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Popular questions:

Does a church licence cover a church hall too for church social functions?

If your hall is an integral part of the church building then the PRS Church Licence will cover the entire building including the hall unless more than six concerts/recitals per year are held in the church premises. If your hall is a separate building, whether or not it is within the curtilage of the church, then the hall can only be covered by CCLI if activities where music is played are run predominately by and for the church congregation. In all other cases PRS for Music will license the hall directly as a separate building. With regard to recorded music being played socially the PPL would only cover non-commercial third party hirers. Please contact our Customer Services department on 01323 436100 for further information.

Would a licence be required to sing from hymnbooks or songbooks during worship services?

A licence would not be required unless the hymns were being projected as well as the bought books were still being used.

What is Public Domain?

Song Lyrics go into the Public Domain when the Author has been dead for 70 years or more. A Music Publication goes out of copyright after 25 years but the songs within the book may still be in copyright. Songs that have gone into the Public Domain may be reproduced/photocopied. If in doubt please contact CCLI on 01323 436100.
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Reproducing Song Words

Popular questions:

Do we need a licence with CCLI to make an enlarged copy of song words for those with a visual impairment?

If there is no published version available then an enlargement can be made under the Copyright (Visually Impaired Persons) Act 2002. Further details can be viewed at

In our church we would like to make our own songbook for use in our congregation, can we do this under our CCL? How do we report these?

The Church Copyright Licence (CCL) permits you to print authorised song/hymn words in a ‘home-made’ songbook for use by your congregation. When you first create the book, you should report each song contained within it once under PRINT. You don’t need to report the use of these printed books again, regardless of how long you keep them. If you add additional songs, these should then be reported once under PRINT. However, if you subsequently print additional copies of your book, you should report again each song once under PRINT.

What acknowledgments should I give when displaying song words?

Under the words of each song reproduced you are required to include the following: "[author], © [year, owner], [your licence number]" eg. Fred Smiley, © 2007 Happy Music Ltd., CCL No, 123456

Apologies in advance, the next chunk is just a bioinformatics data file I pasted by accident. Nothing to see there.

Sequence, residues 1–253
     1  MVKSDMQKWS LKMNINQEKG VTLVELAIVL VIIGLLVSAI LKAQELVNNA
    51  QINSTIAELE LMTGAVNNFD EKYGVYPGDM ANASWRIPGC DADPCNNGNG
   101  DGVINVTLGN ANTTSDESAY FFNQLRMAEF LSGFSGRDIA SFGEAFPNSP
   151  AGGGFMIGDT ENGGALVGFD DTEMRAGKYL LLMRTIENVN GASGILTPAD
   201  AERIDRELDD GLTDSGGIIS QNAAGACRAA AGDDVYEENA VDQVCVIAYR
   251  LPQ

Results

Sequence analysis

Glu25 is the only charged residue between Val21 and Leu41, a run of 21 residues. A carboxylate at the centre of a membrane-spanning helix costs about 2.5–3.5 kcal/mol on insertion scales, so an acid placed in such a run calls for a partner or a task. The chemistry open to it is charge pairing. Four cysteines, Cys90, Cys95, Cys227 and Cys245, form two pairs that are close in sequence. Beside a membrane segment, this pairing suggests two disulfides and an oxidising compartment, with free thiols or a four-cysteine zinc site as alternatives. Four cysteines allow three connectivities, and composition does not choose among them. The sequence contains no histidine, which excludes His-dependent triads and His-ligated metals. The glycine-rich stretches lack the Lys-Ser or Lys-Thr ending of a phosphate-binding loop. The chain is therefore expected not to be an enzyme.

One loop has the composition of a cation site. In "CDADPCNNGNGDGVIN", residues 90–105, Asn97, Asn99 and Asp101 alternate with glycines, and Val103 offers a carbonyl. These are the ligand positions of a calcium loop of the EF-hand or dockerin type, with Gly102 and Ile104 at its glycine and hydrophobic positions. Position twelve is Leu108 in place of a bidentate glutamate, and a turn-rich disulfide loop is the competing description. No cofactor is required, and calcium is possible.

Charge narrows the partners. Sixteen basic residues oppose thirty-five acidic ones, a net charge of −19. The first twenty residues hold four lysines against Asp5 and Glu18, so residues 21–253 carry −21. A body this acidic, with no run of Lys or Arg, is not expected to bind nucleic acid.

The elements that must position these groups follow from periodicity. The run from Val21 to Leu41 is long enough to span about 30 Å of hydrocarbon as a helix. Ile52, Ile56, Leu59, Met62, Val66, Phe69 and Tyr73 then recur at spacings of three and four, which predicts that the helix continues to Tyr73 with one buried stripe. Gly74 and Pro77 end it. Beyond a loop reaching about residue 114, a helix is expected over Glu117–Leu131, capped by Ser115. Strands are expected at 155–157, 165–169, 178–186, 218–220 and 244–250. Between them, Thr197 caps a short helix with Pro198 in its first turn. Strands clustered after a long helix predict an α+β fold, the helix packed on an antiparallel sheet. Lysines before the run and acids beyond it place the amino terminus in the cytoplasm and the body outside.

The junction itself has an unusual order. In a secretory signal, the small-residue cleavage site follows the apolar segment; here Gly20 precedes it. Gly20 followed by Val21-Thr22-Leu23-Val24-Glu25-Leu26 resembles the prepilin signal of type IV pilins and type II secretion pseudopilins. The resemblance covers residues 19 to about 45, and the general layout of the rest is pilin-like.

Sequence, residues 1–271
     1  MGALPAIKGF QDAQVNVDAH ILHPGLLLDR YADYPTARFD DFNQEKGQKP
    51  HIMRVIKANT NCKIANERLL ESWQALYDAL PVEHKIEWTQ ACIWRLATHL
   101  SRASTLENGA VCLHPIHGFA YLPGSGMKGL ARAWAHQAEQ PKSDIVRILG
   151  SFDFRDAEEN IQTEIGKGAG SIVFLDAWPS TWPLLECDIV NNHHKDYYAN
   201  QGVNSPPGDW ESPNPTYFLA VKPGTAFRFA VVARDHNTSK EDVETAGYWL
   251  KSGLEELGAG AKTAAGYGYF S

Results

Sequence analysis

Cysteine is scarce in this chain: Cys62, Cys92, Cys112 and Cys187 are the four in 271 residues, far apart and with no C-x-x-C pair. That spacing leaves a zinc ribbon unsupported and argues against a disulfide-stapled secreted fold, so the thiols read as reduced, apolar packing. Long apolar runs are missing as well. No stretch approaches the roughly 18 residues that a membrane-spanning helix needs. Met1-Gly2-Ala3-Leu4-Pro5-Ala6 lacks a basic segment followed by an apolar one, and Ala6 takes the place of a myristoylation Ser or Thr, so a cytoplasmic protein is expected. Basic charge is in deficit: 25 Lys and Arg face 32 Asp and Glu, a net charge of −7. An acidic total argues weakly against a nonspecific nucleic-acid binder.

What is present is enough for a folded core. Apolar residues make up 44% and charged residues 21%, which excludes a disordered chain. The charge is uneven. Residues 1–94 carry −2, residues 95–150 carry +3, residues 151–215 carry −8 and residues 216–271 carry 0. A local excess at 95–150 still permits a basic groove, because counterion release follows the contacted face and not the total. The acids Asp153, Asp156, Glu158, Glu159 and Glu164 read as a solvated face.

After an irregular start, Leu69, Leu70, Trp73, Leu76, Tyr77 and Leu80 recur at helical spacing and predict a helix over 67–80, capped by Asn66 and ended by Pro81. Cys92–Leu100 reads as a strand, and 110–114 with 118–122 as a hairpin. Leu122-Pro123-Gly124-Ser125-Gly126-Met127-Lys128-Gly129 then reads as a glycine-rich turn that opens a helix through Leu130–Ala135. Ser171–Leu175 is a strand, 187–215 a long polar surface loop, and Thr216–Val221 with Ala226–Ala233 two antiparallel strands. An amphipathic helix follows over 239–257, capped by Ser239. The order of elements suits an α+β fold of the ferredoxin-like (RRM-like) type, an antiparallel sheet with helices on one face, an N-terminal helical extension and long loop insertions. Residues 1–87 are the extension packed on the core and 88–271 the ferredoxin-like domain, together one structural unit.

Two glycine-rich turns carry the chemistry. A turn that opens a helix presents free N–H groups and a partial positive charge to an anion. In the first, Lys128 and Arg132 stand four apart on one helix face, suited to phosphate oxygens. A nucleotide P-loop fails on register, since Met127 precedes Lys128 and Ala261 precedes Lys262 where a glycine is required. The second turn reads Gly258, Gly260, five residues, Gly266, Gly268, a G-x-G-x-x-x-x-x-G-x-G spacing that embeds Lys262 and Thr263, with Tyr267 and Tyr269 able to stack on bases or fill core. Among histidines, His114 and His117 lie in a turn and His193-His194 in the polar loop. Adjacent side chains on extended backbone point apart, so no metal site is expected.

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Popular questions:

Do I need a licence to photocopy and enlarge music for someone who is visually impaired?

If there is no published version available then an enlargement can be made under the Copyright (Visually Impaired Persons) Act 2002.

Further details can be viewed at

We used to hold a Music Reproduction Licence, but don't anymore. Do we need to destroy photocopies of music we made at the time we had the licence?

Yes, any copies made your MRL would need to be destroyed.

What acknowledgements should I give on music photocopies?

The acknowledgment on each photocopy should have the Music Reproduction Licence Number, in the following format: Photocopied By Permission. MRL No. [ ]

Can our church use a file-sharing website such as DropBox to store sheet music files for our musicians to download?

Under the Music Reproduction Licence (MRL) you may store authorised music files in a file-sharing app or website, provided that it is password protected and access to them is granted only to members of your church team. For reporting purposes, you should report the number of intended recipients. So for example, if you place a sheet music PDF into a dropbox file for five musicians, you would report 5 under the MRL.
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Playing / Performing Music

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Are the PRS for Music and PPL Church Licences required for watching television or showing films within our church?

Neither licence is required for any use of music within an Act of Worship (where no entry charge is made). A TV licence is required to show television programmes in church activities. For activities outside of Acts of Worship, a PRS for Music Church Licence is required for live music only, however if the music being played is recorded music the PPL Church Licence will also be required. To show film scenes in worship/full films outside of a worship time you'll require a Church Video Licence. The premises should also have a PRS for Music licence if showing films outside of Acts of Worship. A PPL Church Licence is not currently required to show films.

Can we play CDs during our children's work?

You will probably require a PRS for Music Church Licence and PPL Church Licence to play CDs in church activities, but not within Acts of Worship (regular worship services). Please contact us for further information.

Can we play music in a cafe within the church building under our PRS for Music and PPL Church Licences?

Normally CCLI would not be able to cover a coffee shop or bookshop within a church building for playing music, however we would advise you call our Customer Services Department on 01323 436 100 for further advice.
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Showing Films or Film Scenes

Popular questions:

Can we use YouTube in church?